Stock futures are tumbling again
Dow futures fell more than 200 points Friday, capping off a rollercoaster week on Wall Street.
“We’ve got a smorgasbord of negativity this morning,” said Ken Odeluga, market analyst with City Index in London. “It’s been pretty nervous all week and it seems like it’ll stay nervous ahead of the jobs report.”
The Dow fell 540 points over the first two days of the week. It then rebounded 261 points at the open Wednesday., then gave up much of those gains by the end of the day.
The turbulence stands in stark contrast to the unusual calm that had settled over Wall Street for months. The VIX (VIX), a measure of market volatility, has soared nearly 30% this week.
Odeluga said bond yields are spooking stock investors. The 10-year yield reached 2.77% on Friday– it was at about 2.4% at the start of the year.
Some investors are worried they could climb high enough to slow the economy by raising borrowing costs. They also worry that higher returns on bonds will make stocks look less attractive by comparison.
“Those rising rates are making it harder to say there is no alternative to stocks,” said David Kelly, chief global strategist at JPMorgan Funds.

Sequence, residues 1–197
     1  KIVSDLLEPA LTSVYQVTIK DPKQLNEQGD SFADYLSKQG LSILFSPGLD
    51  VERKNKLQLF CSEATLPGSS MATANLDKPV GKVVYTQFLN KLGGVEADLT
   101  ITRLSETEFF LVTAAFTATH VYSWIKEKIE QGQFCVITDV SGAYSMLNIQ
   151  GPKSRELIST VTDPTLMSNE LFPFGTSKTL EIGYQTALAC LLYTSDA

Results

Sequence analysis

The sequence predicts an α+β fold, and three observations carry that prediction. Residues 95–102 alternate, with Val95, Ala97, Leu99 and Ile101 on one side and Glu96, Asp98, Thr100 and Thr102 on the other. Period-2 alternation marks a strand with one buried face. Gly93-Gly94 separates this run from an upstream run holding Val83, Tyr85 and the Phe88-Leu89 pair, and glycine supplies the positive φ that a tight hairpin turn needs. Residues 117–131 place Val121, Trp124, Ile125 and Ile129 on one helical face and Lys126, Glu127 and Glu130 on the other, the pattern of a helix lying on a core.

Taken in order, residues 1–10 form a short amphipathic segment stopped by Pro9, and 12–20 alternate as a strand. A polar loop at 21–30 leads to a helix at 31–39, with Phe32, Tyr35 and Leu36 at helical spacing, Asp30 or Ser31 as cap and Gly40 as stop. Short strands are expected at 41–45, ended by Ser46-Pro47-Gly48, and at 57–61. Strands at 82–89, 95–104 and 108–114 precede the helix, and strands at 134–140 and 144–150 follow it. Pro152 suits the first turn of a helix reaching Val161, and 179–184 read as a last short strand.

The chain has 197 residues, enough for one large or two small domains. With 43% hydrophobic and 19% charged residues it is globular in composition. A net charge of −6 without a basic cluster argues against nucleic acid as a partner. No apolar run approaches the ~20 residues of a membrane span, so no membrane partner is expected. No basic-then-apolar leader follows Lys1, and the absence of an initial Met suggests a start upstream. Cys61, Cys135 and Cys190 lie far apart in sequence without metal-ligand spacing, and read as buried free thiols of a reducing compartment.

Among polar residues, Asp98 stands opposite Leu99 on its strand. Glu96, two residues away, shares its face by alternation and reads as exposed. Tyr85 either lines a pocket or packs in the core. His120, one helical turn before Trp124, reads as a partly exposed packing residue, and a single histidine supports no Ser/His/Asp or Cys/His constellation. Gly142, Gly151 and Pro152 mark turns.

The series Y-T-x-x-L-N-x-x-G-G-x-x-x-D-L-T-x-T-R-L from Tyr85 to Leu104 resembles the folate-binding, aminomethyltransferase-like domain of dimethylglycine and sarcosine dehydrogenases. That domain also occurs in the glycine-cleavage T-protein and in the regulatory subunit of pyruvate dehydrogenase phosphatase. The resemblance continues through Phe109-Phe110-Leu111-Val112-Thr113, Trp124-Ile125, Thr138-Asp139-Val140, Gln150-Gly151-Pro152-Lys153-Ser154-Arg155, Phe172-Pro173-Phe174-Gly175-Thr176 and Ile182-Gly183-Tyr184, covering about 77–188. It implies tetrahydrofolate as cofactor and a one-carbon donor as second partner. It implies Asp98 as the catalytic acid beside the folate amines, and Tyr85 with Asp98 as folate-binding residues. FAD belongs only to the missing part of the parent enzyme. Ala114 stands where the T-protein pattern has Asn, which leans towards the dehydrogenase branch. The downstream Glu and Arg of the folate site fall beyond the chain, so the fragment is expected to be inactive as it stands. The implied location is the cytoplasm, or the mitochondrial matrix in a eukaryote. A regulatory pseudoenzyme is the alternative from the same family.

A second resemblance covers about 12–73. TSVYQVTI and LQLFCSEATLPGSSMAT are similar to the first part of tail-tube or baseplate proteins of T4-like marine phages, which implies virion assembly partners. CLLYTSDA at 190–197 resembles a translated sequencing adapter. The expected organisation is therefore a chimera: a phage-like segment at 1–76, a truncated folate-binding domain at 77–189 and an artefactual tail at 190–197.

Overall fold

Former Fed Chairman Alan Greenspan said this week that stocks have become overvalued.
Related: Alan Greenspan – ‘We have a stock market bubble’
Economists expect the U.S. economy added 175,000 jobs in January. Often futures are little changed ahead of a major economic report, but investors are selling ahead of Friday’s report to protect themselves from a downside, Odeluga said.
Mixed results late Thursday from tech giants Google, Apple and Amazon also concerned investors.
While Google parent Alphabet (GOOG) posted its first $ 100 billion sales year, it also reported a rare quarterly loss because of a $ 9.9 billion charge related to the new tax bill. Shares were down 4% in premarket trading. Apple (AAPL) reported record sales but disappointing iPhone sales. Amazon (AMZN)shares were slightly higher premarket after posting its first $ 1 billion quarterly profit. But that was putting downward pressure on some traditional brick-and-mortar retailers whose shares have performed well so far this year.